Being a caregiver of a loved one is far from an easy task, and is probably the last thing anyone thinks of when young and falling in love. Suddenly the life you had mapped out is abruptly thrown off route and extensive changes have to be made on an emotional and physical level. Acceptance from both parties of the new situation, no matter how bad, is imperative. Working together as a team, good communication skills, encouraging and supporting each other makes life far easier, but in reality not all couples are able to adjust and walk this path. The situation is compounded further when a caregiver is looking after someone with a rare disease.
Living with a well known common disease; I do not for one moment, mean to make light of, nor detract from the horrendous trials and tribulations both patient and caregiver find themselves enveloped in. However the ramifications are tenfold when dealing with a rare disease, and like a restaurant that is "self service" a patient and caregiver end up researching and finding out the little reliable information available to educate and help themselves. Imagine for one moment, the isolation felt, caring for someone you love who suffers from a rare disease, a serious illness that no one seems to have heard of. The worry and burden not to mention immense frustration at few resources available can bear a heavy load. One's family doctor often has no experience with a specific rare disorder and is therefore inept at handling such a challenge. With few doctors who specialise in particular rare diseases, one often one has to journey far to seek good up to date advice or possible treatments.
Dealing with diagnosis of a rare disease from a caregiver's perspective is quiet different as by the very definition of being an uncommon illness, little information is available, doctors specialising in a particular disease may be few and far between, medications are either non existent or extremely expensive and new with little known about long term side effects.
I'm quite sure any caregiver looking after someone suffering a rare disease is sick and tired of having to repeatedly explain to all and sundry about their specific case. It is particularly worrying entering an emergency room where one is not known, and the insecure feeling of staff unfamiliar with the rare disease you live and deal with daily. In emergency cases, where time is of the essence, wasting precious moments explaining, literally giving a mini lecture and educating doctors and nurses, when you just want them to quickly get on and help your loved one ease their suffering, is an exasperating experience to put it mildly.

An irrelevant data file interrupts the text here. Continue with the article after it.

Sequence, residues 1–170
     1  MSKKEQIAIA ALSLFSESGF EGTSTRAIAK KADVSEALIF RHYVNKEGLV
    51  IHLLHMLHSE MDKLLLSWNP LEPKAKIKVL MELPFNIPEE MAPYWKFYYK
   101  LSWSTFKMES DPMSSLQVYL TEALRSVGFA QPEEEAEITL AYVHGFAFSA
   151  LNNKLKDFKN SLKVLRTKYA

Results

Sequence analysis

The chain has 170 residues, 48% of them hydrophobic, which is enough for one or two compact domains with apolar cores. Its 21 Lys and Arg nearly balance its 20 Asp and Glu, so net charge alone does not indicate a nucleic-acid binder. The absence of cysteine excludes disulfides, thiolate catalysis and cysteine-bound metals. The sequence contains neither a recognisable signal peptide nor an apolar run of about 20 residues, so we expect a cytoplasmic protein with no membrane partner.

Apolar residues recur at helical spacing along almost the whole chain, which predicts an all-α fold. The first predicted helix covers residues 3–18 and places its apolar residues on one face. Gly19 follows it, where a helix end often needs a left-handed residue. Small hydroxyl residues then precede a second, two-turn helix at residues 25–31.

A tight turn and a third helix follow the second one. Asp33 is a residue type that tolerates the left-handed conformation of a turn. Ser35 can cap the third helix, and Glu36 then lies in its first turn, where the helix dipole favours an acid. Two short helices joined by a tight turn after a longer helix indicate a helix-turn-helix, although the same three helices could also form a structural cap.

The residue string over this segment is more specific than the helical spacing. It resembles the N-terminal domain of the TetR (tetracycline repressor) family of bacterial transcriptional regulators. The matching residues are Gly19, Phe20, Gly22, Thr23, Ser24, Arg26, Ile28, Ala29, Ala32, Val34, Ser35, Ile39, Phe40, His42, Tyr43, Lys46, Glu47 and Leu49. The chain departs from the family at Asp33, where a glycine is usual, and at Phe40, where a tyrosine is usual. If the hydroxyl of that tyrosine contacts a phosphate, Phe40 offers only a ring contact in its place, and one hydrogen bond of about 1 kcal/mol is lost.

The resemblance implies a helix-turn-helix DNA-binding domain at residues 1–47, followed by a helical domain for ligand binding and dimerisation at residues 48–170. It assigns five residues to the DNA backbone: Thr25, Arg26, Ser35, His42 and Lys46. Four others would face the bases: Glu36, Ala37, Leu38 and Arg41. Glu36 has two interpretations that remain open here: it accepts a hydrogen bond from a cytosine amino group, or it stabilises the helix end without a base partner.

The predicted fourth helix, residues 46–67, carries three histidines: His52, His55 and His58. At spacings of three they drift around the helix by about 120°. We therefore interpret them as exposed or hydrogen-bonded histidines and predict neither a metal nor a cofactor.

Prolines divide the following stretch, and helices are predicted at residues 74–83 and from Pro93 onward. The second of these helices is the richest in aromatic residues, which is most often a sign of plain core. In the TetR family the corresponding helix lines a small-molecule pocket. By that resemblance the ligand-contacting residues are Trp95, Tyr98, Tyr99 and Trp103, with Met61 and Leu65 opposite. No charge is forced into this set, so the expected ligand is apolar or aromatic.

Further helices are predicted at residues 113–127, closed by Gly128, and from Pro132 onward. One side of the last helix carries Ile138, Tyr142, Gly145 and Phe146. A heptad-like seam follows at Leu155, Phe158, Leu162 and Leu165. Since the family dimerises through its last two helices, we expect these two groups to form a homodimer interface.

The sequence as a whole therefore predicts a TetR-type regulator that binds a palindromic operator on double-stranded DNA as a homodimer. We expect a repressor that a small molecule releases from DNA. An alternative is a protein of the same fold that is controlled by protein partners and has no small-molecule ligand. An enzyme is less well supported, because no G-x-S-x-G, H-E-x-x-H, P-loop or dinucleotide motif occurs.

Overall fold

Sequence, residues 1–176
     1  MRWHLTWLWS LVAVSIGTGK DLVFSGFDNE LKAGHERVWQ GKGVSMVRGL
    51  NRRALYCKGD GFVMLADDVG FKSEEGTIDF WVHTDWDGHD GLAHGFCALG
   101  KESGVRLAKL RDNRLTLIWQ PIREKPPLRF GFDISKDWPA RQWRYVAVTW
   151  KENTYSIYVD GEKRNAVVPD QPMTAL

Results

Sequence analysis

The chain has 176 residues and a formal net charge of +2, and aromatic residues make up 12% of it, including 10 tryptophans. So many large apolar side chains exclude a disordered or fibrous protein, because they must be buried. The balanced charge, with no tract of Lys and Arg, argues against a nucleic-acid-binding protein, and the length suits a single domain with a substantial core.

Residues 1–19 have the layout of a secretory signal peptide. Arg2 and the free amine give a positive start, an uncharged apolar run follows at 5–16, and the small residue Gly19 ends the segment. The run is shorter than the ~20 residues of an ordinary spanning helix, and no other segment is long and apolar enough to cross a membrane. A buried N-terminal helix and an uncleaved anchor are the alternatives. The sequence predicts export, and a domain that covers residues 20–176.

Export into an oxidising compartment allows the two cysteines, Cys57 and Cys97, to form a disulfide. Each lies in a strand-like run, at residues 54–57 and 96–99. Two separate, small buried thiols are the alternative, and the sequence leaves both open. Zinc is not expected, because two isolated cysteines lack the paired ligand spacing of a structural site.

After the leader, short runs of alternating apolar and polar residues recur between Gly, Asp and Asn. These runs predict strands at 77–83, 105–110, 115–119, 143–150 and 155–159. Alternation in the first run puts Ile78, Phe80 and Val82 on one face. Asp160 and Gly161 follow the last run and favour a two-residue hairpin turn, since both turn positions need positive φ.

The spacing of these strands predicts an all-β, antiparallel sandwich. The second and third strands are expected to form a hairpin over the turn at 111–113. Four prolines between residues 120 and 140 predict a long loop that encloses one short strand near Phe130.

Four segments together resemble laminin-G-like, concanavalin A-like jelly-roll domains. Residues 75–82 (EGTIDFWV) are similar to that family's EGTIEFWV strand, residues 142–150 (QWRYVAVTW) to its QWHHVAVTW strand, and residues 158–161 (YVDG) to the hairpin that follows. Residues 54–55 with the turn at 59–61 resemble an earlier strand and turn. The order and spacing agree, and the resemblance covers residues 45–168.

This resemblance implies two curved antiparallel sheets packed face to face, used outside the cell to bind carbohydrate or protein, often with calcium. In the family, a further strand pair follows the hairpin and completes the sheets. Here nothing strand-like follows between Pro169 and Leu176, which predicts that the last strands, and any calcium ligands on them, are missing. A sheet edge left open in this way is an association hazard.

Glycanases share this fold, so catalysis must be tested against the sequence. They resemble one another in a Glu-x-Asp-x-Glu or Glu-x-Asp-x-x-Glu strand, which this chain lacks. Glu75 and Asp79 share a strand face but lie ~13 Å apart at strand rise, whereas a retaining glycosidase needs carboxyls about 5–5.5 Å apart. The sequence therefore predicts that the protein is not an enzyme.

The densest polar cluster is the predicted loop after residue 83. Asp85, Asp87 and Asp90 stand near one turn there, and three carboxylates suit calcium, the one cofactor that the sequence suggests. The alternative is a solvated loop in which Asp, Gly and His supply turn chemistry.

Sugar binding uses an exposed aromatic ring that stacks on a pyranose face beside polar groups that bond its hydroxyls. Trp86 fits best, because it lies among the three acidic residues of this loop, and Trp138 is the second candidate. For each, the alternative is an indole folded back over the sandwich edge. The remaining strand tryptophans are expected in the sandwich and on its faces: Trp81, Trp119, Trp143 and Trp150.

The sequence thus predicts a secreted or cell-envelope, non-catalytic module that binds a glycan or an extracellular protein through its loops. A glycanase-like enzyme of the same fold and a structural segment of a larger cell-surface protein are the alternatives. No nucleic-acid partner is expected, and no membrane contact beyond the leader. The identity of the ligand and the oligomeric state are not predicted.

The other monumental problem which is hard to get around despite growing awareness, is the ability to seek out others who are in the same boat, due to doctor patient confidentiality, simply finding others living with the identical rare disease is virtually impossible. Therefore it stands to reason why there are few support groups for what essentially is a small percentage of the population. Attending support groups isn't for everyone, but those who feel the undeniable benefits of talking with others in similar situations, whether a patient or caregiver is without doubt highly beneficial for both parties.
My husband takes the health situation in his stride, and has an unusually healthy mental attitude in tackling any problem that befalls us. It is often said that behind every great man, stands a great woman. I'm a very lucky woman and don't for one moment take for granted having a great man standing right by my side, whose patience, unwavering loyalty and love continue to amaze me. I wouldn't be where I am today without my dear husband's continual support and encouragement. In a sense I am married to Gaucher (a rare genetic disease) and Parkinson's (a common disease) but what I think is particularly rare, apart from suffering these two diseases, of which there are less than 200 known cases worldwide, is that I'm married to a precious rare gem of a man.